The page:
Five years ago, Ervin Fink's job as finance director of Preston County Schools became much more difficult.
That year, county residents defeated the school's excess levy, which had been in existence since 1947.
Loss of the levy meant cuts in nearly every budget area -- cuts that hurt Preston schools in many ways.
"Obviously, there is less money available for just about everything," Fink said.
Harrison County voters will have a chance to decide the fate of their school system's excess levy during a special election Dec. 16.
The levy will provide $11,917,148 per year for the next five years if approved by voters.
That money will pay for nine educational programs: Art, band, guidance and special therapy, music, physical education, special education, science, vocational education and theater.
Other levy funds will be used for books and supplies, transportation, maintenance, technology, extra-curricular activities and salary supplements.
In counties with no excess levy, those kinds of programs suffer, said Joe Panetta, director of school finance for the West Virginia Department of Education.
"Levies are used to fund additional items beyond the state funding formula," Panetta said.
"It hurts because all of those programs will have to be cut."
Fink, who is now retired from Preston County schools, knows how difficult it is for a county to lose that kind of money.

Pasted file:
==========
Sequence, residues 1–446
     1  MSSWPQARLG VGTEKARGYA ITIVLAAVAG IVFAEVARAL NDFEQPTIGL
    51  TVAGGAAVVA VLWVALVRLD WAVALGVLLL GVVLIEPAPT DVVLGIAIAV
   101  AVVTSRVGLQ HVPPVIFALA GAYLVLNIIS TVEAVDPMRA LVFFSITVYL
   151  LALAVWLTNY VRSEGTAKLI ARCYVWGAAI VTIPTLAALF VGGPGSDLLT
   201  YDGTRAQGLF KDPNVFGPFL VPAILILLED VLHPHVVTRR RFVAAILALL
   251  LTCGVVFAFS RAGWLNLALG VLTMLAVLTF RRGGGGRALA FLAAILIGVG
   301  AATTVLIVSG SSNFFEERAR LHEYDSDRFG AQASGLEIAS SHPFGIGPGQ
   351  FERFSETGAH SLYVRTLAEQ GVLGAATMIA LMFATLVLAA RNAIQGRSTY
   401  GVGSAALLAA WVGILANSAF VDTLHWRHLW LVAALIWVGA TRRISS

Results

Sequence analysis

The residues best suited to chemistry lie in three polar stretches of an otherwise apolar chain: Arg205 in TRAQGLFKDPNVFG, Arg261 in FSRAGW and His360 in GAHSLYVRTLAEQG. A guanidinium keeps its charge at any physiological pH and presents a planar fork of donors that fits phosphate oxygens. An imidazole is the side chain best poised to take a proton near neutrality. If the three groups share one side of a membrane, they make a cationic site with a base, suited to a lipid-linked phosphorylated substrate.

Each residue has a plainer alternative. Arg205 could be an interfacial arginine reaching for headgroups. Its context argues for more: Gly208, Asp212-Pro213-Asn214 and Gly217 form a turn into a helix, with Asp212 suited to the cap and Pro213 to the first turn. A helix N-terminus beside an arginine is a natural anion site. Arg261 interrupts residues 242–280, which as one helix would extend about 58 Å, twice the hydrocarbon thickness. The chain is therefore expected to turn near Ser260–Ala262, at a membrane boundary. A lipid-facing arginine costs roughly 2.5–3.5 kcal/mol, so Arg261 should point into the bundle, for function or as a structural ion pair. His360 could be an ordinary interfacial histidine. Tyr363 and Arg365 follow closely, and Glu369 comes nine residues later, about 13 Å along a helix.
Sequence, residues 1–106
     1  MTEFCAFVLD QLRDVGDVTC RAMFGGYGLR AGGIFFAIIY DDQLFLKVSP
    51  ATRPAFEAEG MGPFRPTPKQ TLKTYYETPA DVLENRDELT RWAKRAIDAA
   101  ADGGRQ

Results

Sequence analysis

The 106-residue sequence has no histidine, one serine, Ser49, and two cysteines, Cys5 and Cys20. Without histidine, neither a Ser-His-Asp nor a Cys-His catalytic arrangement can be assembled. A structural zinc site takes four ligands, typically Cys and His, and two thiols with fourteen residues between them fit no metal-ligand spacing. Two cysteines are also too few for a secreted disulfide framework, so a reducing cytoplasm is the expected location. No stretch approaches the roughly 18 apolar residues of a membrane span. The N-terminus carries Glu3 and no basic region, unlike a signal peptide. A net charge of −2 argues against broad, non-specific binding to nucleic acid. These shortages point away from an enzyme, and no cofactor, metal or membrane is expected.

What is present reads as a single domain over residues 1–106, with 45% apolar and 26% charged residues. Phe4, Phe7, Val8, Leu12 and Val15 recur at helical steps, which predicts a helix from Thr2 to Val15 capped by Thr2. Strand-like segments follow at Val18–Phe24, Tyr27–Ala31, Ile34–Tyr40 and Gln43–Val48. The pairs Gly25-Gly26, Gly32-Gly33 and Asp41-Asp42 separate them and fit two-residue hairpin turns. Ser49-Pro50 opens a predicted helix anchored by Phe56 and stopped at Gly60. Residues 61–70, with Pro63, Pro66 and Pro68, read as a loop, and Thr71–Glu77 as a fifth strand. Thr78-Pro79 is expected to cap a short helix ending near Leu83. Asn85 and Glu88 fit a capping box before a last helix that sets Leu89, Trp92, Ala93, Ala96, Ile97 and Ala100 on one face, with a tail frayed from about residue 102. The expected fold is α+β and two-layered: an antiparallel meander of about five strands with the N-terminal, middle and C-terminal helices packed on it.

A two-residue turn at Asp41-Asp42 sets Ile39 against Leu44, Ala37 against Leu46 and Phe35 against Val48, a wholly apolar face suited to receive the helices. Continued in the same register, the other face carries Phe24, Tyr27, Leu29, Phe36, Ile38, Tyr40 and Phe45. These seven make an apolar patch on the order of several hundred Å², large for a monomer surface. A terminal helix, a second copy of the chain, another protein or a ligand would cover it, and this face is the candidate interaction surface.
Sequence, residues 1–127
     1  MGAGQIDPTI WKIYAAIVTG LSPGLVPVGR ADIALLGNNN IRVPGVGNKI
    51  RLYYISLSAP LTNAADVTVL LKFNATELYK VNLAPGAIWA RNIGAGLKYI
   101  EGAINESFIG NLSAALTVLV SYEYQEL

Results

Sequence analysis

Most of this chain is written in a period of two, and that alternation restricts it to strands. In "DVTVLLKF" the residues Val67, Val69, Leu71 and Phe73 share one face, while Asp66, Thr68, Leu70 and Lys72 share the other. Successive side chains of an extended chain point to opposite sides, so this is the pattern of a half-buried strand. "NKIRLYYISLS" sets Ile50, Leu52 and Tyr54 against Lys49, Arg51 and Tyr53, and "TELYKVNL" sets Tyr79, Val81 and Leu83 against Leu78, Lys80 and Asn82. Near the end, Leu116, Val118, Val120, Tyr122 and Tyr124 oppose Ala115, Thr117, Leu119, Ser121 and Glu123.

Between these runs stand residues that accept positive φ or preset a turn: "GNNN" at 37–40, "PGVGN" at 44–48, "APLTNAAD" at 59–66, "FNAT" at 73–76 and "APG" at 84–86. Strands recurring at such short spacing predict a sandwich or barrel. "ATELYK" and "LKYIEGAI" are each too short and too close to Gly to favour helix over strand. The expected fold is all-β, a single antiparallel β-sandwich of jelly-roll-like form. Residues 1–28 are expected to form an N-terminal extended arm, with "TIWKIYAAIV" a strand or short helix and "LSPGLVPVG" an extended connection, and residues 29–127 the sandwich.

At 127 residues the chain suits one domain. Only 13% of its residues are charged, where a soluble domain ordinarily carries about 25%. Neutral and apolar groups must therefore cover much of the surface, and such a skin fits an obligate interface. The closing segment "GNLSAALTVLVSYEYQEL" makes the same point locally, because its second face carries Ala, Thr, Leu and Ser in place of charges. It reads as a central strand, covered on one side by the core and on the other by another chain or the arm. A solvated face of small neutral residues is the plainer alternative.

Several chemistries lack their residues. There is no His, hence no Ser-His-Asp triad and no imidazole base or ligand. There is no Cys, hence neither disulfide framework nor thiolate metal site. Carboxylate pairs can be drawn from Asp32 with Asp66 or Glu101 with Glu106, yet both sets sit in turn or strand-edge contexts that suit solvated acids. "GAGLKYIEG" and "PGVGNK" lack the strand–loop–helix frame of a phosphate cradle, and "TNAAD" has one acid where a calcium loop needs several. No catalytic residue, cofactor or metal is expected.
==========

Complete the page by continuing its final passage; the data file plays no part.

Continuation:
"At the time (in 1995) we had no money to pay coaches," he said. "Now, they are paid out of athletic proceeds. The schools have to charge an athletic fee (to the participating students) to make money."
And it is not just extra-curricular activities that were affected, Fink said.
"We basically had cuts across the board," he said. "We had to cut a number of positions at the high school level. When you do that, it affects curriculum."
Additionally, the county had to drop its teacher salary supplement. That supplement was lost for one year until the state picked it up the following year.
But a salary supplement for administrators was permanently lost with the levy's defeat, Fink said. That makes it hard to keep and attract new principals.
"I don't think there's any doubt that not having a levy hurts a county," Fink said.
Preston is one of only 12 of West Virginia's 55 counties that have no excess levy. In this area, Barbour, Tucker and Randolph also have none.
Preston's levy failed, at least in part, because of timing, Fink said. That year, county residents had approved a hospital levy and a school bond that led to the construction of the consolidated Preston County High School.
Those factors coupled with already high property taxes led to voters saying no to the levy. Subsequent attempts to pass the levy failed too, Fink said.
And the state's funding formula has not made up the difference, Fink said.
"The state formula provides a basis for all counties in the state," he said. "Levies are used to take each county above that level."
Counties can survive without the excess levies, Fink said. But it isn't easy.
"It just makes it much more difficult to operate a school system," Fink said. "We have to compete with counties that have a financial advantage because of their levies."
Staff writer Paul Darst can be reached at 626-1404 or by e-mail at firstname.lastname@example.org.